Just wrapped a meeting with Philip Playfair and Steve Hammond, the Co-Founders of Lowfoot.
Lowfoot’s business is based on disruptive thinking, and I’m convinced they’ve got it right. They’ve uncovered the fact that while everyone’s busy figuring out new ways (some green, some not) to meet our ever growing energy needs, no one is really, seriously asking how to build a business on getting people to generate less energy.
So that’s what they’ve done. Lowfoot has staked its business on the power of Smart Meter technology to empower people to reduce their demand for energy and reap rewards (in the form of credits) from using less.
Meetings with these guys are always interesting. They have an “anything is possible” way of thinking that is exciting to be around. One of the insights I gained from today’s meeting is that both Phil and Steve are former class clowns (well, maybe not so former).
The term class clown is generally seen in a negative light. Class clowns are perceived as attention seekers, troubled kids who are using humour to make up for deep-seated insecurity.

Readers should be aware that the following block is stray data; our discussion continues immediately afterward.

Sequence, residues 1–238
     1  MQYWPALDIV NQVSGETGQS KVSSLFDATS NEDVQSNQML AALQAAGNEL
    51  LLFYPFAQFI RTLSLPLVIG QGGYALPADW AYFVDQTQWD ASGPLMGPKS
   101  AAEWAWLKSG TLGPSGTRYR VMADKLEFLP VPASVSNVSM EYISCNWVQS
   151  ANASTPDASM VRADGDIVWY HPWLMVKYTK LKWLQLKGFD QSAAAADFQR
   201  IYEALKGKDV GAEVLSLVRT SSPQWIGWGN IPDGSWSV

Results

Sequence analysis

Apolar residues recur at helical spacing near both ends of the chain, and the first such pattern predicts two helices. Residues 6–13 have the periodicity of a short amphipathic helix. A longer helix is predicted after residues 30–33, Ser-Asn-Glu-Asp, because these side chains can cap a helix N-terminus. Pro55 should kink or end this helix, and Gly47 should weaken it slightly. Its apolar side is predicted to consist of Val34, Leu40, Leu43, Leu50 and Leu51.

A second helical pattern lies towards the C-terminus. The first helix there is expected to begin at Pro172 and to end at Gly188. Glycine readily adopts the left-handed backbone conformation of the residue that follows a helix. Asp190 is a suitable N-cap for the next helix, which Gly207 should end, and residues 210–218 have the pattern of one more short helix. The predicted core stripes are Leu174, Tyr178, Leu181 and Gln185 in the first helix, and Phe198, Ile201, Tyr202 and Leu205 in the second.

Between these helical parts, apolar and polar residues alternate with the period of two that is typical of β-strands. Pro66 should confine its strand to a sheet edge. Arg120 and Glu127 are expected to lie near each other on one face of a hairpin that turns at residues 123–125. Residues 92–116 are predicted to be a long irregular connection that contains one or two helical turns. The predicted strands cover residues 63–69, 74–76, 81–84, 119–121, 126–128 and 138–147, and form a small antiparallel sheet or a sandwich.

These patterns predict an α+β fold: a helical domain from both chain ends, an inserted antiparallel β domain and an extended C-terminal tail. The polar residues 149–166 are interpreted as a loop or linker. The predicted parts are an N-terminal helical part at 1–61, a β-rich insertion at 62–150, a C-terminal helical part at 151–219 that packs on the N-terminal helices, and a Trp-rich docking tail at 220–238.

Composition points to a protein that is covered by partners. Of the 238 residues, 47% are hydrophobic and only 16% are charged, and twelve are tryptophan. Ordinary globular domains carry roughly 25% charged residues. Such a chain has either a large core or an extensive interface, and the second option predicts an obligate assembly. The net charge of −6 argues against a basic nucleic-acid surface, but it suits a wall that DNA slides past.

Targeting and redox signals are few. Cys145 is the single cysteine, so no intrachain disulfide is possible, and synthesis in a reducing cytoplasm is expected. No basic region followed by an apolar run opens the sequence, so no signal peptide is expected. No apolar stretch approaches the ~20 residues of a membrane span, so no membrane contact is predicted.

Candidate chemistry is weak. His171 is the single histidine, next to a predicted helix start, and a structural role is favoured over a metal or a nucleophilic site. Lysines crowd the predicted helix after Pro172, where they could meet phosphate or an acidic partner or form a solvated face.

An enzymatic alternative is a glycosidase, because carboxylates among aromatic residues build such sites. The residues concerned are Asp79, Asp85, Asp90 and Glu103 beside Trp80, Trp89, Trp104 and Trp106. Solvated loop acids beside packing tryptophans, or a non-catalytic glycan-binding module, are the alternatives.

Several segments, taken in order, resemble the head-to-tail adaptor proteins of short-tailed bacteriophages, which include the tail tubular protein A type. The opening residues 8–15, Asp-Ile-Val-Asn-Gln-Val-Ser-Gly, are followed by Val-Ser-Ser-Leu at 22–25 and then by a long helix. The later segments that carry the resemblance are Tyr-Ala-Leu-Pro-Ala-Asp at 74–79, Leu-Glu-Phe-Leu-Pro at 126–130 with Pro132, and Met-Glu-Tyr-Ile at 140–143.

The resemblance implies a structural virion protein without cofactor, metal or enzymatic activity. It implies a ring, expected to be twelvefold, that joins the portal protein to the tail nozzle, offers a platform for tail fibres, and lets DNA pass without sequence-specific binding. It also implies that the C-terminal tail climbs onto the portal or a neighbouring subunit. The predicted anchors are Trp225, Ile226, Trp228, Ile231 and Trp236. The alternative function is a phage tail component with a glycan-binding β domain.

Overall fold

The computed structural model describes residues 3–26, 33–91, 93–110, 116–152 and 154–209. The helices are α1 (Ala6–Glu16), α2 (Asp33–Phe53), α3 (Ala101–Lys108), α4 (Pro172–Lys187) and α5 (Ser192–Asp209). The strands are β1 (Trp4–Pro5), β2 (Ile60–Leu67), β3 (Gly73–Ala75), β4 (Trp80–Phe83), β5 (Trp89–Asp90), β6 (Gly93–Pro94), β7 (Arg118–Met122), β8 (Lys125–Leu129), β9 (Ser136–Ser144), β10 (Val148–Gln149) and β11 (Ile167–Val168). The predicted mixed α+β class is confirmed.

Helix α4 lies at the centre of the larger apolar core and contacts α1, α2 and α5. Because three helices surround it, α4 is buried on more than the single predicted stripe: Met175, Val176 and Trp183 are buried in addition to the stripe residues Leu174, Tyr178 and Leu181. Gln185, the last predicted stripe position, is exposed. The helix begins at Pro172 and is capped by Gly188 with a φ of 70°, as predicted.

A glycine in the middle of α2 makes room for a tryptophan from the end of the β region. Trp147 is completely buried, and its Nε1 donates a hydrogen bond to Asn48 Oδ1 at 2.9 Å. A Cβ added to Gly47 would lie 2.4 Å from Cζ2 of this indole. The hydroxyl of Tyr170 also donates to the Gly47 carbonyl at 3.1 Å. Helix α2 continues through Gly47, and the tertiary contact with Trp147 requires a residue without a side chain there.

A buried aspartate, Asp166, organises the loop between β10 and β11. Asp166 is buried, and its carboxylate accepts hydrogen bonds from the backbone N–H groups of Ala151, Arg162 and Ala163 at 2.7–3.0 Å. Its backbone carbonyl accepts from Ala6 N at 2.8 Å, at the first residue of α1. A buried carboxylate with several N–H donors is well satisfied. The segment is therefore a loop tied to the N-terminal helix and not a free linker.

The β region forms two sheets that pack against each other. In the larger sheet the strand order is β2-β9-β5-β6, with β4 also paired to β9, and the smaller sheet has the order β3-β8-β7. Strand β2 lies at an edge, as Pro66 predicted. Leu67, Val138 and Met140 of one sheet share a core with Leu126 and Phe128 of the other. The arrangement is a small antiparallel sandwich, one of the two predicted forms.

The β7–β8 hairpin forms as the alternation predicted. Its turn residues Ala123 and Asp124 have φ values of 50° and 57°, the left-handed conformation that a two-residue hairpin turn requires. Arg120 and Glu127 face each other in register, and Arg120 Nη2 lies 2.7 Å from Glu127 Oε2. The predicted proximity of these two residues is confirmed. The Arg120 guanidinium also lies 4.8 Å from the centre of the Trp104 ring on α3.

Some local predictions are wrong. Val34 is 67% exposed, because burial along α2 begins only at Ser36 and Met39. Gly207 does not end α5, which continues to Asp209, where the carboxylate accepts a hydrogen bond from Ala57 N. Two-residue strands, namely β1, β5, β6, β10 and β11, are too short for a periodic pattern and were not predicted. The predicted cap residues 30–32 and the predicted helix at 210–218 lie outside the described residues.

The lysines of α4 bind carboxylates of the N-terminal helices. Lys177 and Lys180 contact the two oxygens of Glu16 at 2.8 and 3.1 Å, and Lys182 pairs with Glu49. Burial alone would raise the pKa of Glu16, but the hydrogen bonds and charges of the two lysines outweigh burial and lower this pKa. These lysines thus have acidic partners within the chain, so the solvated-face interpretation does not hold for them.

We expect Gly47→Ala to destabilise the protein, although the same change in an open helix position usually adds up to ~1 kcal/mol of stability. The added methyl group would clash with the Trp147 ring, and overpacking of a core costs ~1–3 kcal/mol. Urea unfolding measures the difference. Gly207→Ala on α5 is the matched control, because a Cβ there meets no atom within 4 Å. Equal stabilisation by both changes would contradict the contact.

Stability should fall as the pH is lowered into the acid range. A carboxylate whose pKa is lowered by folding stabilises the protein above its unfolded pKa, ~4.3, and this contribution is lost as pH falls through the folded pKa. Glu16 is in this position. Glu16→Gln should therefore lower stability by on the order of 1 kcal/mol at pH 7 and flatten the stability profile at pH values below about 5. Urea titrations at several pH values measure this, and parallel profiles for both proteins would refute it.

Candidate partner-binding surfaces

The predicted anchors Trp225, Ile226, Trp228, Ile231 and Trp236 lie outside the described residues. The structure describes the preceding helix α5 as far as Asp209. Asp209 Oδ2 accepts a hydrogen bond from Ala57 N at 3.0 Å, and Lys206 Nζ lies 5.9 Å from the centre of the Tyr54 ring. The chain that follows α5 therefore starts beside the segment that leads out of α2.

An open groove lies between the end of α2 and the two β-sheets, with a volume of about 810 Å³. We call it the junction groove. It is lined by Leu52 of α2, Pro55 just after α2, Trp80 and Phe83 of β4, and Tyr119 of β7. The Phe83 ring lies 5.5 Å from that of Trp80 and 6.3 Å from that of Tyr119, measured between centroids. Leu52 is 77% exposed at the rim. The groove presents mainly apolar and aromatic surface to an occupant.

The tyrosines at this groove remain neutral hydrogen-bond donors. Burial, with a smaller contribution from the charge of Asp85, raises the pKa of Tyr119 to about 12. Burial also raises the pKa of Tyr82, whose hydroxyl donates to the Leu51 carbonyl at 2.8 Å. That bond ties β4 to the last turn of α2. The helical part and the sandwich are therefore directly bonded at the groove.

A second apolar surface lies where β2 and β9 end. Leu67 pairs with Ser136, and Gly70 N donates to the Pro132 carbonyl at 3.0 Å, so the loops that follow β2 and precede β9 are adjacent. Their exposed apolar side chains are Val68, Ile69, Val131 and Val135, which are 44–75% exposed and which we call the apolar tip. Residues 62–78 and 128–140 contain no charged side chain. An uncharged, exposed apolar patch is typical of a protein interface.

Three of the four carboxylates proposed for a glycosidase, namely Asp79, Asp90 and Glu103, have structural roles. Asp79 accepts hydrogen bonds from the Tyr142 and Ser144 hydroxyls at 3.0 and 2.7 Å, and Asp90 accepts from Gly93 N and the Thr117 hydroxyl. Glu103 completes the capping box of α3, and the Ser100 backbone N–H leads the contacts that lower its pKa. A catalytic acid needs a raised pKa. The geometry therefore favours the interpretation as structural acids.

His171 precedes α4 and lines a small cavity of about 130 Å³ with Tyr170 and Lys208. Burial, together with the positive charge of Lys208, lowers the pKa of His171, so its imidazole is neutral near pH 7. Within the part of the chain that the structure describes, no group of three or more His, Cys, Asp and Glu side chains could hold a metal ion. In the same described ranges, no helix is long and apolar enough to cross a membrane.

If you met Phil and Steve, you’d know that stereotype is pure bunk.
So, I went digging deeper and came up with two very interesting approaches to thinking about the class clown as a model for business innovation.
Copyblogger has a great post on why class clowns rule the blogosphere. The author’s salient point is that while:
“valedictorians are forgotten the moment they step down from the podium,” class clowns are remembered for “telling the truth in an interesting way”and as a result, they are remembered long after school days have drifted by.
This idea of telling the truth in an interesting way fits with Lowfoot’s business model. Lowfoot is committed to turning people into energy generators. They are not afraid to speak truth to power by pointing out that all forms of energy generation (wind, solar, “green”) come at a cost. Just ask the folks in Bala who are facing a “green” dam being built in the centre of their town.
Like Lowfoot, class clowns are good at getting noticed because they’re not invested in the same popularity/unpopularity contests that everyone else is mired in. Fitting in is just not their specialty. Former class clown CEO David Newman does a good job of explaining the skill set that is unique to the class clown:
“Think about it–class clowns, by their very nature, are not afraid to fail, unlike the geniuses. They thrive on being different, unlike the geeks, who suffer by being different. They focus on getting noticed among the noise, unlike the cool kids, who focus on fitting in.”
What’s something the class clown can teach you about running a successful business? Or even better, what’s a class clown antic you’ll never forget.
And, in honor of my new favourite class clowns, I leave you with this: